Eminent domain litigation can be expensive. Not just the cost of acquiring the property (which is valued based on its highest and best use, and the "highest price" a willing buyer would pay), but the attorneys' fees, expert appraisal fees, and court costs all add up as well. We're seeing the impact of such costs in the City of Adelanto, where the City has changed course on its plans to acquire a property by eminent domain.
According to Brooke Self's article in the Victorville Daily Press, Adelanto halts eminent domain efforts, the City of Adelanto once planned to use eminent domain to acquire an 11-acre parcel adjacent to City hall, but recently decided to halt its acquisition efforts. While the City had adopted a resolution of necessity to condemn the property to expand Richardson Park, the cash-strapped City no longer has the funds to pursue the project or the costly litigation.
There were two main reasons for the change of plans: first, the City's pursuit of state grant money did not come through; and second, the property owners demonstrated plans to build homes on the property, which would have likely increased the value the City would be required to pay in an eminent domain lawsuit.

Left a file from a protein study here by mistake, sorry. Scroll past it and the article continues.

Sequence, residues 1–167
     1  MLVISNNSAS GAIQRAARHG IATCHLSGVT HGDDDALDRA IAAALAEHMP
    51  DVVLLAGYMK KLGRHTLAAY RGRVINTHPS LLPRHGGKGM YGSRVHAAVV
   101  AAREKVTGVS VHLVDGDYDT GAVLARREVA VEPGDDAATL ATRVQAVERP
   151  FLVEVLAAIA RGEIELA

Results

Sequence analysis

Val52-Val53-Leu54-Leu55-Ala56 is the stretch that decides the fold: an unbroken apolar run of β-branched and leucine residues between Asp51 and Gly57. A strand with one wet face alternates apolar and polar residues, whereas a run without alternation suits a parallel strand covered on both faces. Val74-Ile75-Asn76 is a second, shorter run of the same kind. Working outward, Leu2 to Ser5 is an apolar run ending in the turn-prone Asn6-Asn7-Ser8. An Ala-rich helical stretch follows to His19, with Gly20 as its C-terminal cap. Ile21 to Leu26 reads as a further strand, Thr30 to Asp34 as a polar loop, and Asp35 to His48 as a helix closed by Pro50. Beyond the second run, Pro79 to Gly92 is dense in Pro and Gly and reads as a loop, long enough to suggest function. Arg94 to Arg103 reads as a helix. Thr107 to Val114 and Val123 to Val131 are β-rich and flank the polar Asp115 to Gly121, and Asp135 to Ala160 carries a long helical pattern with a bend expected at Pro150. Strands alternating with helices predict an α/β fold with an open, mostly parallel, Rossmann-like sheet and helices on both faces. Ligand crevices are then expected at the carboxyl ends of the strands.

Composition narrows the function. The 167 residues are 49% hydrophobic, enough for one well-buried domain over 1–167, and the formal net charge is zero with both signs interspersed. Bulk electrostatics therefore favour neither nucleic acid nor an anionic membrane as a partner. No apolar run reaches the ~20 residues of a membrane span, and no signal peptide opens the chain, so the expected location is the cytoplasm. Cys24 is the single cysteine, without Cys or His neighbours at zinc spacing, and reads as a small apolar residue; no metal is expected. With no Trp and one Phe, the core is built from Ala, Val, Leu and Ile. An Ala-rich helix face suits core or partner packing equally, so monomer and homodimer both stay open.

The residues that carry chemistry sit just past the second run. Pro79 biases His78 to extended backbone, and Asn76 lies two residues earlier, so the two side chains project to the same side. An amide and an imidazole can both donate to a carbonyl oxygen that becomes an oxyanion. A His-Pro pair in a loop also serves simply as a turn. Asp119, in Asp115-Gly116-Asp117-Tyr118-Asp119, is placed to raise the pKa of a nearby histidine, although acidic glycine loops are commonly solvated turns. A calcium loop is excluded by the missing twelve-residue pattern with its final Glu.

The City, which is already struggling to avoid bankruptcy, explained its reasoning:
Rather than spending money on legal fees to try to pursue building the property, we decided to stop at this point in time.
Now that the City has stopped its acquisition of the property, it will be worth following whether the property owners move forward with a residential development. If they do, the City's pursuit of its park expansion plans at this site in the future will become much, much more expensive.
Brad Kuhn, Chair of Nossaman's Eminent Domain & Valuation Group, guides private and public sector clients through complex real estate development and infrastructure projects – particularly with eminent domain/inverse ...
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